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Currently v6.2.4


Tippies can have any custom styling via CSS.

#Included themes

The package comes with themes for you to use:

  • light
  • light-border
  • material
  • translucent

They need to be imported separately.

import 'tippy.js/themes/light.css';

Pass the theme name as the theme prop:

tippy('button', { theme: 'light', });

#Tippy elements

To learn how to create a theme, it's helpful to understand the basic structure of a tippy element:

<div data-tippy-root> <div class="tippy-box" data-placement="top"> <div class="tippy-content"> My content </div> </div> </div>

A tippy is essentially three nested divs.

  • [data-tippy-root] is the outermost node. It is what Popper uses to position the tippy. You don't need to apply any styles to this element.
  • tippy-box is the actual box node.
  • tippy-content is the content node.

Depending on the props supplied, there will exist other elements inside it:

<div data-tippy-root> <div class="tippy-box" data-placement="top"> <div class="tippy-backdrop"></div> <!-- animateFill: true --> <div class="tippy-arrow"></div> <!-- arrow: true --> <div class="tippy-content"> My content </div> </div> </div>

#Creating a theme

Themes are created by including a class on the tippy-box element as part of a selector in the form .tippy-box[data-theme~='theme']. Let's demonstrate this by creating our own theme called tomato:

.tippy-box[data-theme~='tomato'] { background-color: tomato; color: yellow; }

To apply the theme:

tippy(targets, { theme: 'tomato', });

What is ~=?

Since theme can have multiple names, it allows you to target a single theme inside the space-separated list. Visit MDN for more information.

#Styling the arrow

There are two types of arrows:

  • CSS arrows (using border-width)
  • SVG arrows (using an <svg> element)

#CSS arrow

To style the default CSS arrow, target each different base placement using the data-placement attribute and apply it to the .tippy-arrow element's ::before pseudo-element:

.tippy-box[data-theme~='tomato'][data-placement^='top'] > .tippy-arrow::before { border-top-color: tomato; } .tippy-box[data-theme~='tomato'][data-placement^='bottom'] > .tippy-arrow::before { border-bottom-color: tomato; } .tippy-box[data-theme~='tomato'][data-placement^='left'] > .tippy-arrow::before { border-left-color: tomato; } .tippy-box[data-theme~='tomato'][data-placement^='right'] > .tippy-arrow::before { border-right-color: tomato; }

#SVG arrow

First import the svg-arrow.css stylesheet for SVG arrow styling:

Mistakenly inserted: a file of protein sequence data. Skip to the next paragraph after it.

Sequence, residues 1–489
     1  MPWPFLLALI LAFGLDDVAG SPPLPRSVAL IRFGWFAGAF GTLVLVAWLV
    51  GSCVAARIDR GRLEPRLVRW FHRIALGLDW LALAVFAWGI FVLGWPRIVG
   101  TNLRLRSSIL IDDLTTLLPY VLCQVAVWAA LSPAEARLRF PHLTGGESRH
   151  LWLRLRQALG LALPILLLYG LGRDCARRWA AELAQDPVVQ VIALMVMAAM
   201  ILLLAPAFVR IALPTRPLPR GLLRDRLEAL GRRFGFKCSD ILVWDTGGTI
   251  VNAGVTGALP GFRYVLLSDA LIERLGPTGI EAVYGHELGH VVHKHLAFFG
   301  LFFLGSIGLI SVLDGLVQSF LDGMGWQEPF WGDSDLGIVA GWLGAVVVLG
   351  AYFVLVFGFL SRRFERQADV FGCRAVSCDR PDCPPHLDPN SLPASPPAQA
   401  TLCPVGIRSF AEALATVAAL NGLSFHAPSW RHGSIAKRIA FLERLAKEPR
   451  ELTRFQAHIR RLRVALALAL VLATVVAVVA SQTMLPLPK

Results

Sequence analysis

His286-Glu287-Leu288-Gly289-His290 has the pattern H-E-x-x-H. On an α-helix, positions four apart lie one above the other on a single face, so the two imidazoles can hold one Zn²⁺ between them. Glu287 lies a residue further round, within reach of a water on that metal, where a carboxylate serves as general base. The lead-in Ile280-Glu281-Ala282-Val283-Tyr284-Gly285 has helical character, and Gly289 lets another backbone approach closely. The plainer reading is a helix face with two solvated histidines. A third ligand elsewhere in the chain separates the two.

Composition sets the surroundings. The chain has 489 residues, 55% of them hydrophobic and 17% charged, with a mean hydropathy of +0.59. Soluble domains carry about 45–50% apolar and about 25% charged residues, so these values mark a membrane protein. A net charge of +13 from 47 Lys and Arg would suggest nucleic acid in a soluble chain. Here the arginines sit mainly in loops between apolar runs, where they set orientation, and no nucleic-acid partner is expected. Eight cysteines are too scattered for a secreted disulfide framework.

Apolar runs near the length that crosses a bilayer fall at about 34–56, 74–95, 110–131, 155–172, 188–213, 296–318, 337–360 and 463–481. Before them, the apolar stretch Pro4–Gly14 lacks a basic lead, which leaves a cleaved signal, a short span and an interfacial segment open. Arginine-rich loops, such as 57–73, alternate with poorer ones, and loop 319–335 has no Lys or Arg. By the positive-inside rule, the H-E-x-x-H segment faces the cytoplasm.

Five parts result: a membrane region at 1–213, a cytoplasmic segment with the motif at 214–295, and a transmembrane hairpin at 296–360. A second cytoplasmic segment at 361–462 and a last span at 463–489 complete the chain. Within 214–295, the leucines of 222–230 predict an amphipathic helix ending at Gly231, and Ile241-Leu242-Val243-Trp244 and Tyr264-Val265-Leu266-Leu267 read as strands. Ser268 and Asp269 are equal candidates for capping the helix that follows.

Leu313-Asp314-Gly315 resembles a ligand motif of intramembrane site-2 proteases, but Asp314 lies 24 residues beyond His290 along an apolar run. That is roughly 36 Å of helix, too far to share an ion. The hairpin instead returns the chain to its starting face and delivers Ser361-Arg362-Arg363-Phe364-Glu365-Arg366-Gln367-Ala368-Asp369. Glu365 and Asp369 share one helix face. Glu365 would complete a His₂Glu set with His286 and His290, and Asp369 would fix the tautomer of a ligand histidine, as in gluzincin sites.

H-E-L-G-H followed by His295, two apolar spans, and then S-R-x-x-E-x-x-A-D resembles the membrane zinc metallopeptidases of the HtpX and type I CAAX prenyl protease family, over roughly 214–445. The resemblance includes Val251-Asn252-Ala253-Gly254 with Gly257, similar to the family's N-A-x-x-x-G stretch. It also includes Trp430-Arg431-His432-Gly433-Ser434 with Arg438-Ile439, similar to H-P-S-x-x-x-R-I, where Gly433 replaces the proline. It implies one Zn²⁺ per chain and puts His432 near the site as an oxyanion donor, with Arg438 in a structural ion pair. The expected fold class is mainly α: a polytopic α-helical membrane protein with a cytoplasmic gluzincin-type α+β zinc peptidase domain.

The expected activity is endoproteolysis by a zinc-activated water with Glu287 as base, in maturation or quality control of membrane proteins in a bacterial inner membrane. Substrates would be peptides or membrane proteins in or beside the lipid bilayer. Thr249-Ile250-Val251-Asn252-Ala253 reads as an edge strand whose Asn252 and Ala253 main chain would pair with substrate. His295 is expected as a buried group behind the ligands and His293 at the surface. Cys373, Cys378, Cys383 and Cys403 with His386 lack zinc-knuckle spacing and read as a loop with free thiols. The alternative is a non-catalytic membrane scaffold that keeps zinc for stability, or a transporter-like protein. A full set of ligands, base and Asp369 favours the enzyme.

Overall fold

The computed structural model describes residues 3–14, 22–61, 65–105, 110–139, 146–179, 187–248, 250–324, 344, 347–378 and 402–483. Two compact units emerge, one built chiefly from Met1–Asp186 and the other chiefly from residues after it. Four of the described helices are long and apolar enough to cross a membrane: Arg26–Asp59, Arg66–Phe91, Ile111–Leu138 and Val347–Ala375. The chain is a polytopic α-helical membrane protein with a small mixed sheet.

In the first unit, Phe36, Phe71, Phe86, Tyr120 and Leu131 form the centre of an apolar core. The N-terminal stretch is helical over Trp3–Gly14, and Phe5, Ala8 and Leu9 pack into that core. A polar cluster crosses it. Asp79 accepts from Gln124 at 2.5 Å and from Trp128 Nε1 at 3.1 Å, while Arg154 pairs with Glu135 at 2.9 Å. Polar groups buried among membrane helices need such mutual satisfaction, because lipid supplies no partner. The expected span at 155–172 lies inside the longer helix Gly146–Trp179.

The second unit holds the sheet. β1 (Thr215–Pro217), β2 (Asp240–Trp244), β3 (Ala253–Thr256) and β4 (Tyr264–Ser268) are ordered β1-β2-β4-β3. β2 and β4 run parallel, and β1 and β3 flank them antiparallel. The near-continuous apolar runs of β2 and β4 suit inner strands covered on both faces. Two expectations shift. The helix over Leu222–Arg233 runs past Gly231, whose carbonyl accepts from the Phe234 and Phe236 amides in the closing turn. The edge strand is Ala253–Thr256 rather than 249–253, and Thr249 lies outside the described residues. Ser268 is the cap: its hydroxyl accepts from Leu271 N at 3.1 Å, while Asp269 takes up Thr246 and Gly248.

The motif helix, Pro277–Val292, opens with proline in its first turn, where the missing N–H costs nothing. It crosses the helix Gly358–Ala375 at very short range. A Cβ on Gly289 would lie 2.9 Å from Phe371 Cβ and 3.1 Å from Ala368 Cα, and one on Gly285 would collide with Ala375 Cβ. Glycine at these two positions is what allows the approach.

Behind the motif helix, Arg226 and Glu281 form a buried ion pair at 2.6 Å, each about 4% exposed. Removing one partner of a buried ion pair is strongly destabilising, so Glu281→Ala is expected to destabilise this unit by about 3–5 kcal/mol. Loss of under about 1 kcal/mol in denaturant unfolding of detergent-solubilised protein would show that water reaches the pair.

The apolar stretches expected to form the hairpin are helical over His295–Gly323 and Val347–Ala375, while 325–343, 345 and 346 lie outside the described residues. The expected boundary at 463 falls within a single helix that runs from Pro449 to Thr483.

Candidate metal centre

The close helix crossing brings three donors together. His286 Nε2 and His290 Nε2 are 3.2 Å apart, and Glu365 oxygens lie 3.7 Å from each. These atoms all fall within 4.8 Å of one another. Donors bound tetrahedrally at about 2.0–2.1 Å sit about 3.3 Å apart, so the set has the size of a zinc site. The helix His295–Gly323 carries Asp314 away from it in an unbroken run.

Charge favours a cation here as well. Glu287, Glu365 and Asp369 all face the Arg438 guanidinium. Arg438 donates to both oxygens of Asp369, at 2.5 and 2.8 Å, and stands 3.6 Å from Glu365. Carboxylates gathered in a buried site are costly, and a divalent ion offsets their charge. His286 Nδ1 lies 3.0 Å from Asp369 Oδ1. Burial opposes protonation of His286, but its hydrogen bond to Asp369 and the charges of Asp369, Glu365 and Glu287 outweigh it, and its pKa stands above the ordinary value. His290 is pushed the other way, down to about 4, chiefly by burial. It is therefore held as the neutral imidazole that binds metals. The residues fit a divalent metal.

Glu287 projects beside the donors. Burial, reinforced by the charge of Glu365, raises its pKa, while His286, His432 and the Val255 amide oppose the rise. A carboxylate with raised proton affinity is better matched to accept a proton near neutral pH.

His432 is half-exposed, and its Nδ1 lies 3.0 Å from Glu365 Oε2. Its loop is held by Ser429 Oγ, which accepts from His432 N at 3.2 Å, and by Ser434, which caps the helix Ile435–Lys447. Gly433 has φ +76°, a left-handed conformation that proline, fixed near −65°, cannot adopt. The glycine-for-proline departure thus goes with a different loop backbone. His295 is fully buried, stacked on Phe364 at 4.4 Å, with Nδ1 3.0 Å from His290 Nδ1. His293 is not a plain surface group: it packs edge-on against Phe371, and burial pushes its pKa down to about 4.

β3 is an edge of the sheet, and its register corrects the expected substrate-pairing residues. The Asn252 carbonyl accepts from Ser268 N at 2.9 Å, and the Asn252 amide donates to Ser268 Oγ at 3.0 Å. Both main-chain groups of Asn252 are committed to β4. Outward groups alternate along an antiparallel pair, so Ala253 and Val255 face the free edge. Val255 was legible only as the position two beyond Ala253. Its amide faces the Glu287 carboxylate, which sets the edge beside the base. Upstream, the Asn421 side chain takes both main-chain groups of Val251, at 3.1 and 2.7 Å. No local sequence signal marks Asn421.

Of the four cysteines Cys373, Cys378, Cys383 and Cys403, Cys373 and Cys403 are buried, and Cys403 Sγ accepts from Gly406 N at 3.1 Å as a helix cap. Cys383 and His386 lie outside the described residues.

import 'tippy.js/dist/svg-arrow.css';

To color an SVG arrow, specify fill and target .tippy-svg-arrow:

.tippy-box[data-theme~='tomato'] > .tippy-svg-arrow { fill: tomato; }

The shape isn't dependent on the placement for styling, which is why it doesn't require the CSS arrow's more verbose styles.

There is a default round arrow SVG shape exported from the package for you to use.

#CDN (umd)

tippy(targets, { arrow: tippy.roundArrow, });

#Modules (esm)

import {roundArrow} from 'tippy.js'; tippy(targets, { arrow: roundArrow, });

#Changing the arrow size

#Option 1: transform: scale()

This is the easiest technique and works for most cases:

.tippy-box[data-theme~='tomato'] > .tippy-arrow::before { transform: scale(1.5); }

#Option 2: Pixel increase

If your tippy theme has a border (e.g. the included light-border theme), then the transform: scale() technique distorts the border width of the arrow. Instead, you will need to change the size of the arrow in pixels directly.

#Arrow border

There is a stylesheet to aid in adding borders to your tippies:

import 'tippy.js/dist/border.css';

This adds color inheritance for borders when using the default CSS arrow, and aids in creating SVG arrow borders.

#CSS arrow

/* The border of the arrow will now match the border of the box */ .tippy-box[data-theme~='tomato'] { background: tomato; border: 1px solid yellow; }

#SVG arrow

Duplicate the SVG arrow so that there are two of them, like so:

tippy(targets, { // concatenates the two SVG strings together arrow: roundArrow + roundArrow, });
/* The border */ .tippy-box[data-theme~='tomato'] > .tippy-svg-arrow > svg:first-child { fill: yellow; } /* The fill */ .tippy-box[data-theme~='tomato'] > .tippy-svg-arrow > svg:last-child { fill: tomato; }

#Browser DevTools

It's highly recommended you inspect a tippy element via your browser's DevTools. An easy way to do this is to give it hideOnClick: false and trigger: 'click' props so that it stays visible when focus is switched to the DevTools window.

The tippy element gets appended to the very end of the <body>, so you should scroll down the elements panel. If interactive: true, then the tippy is appended to the reference element's parentNode instead.

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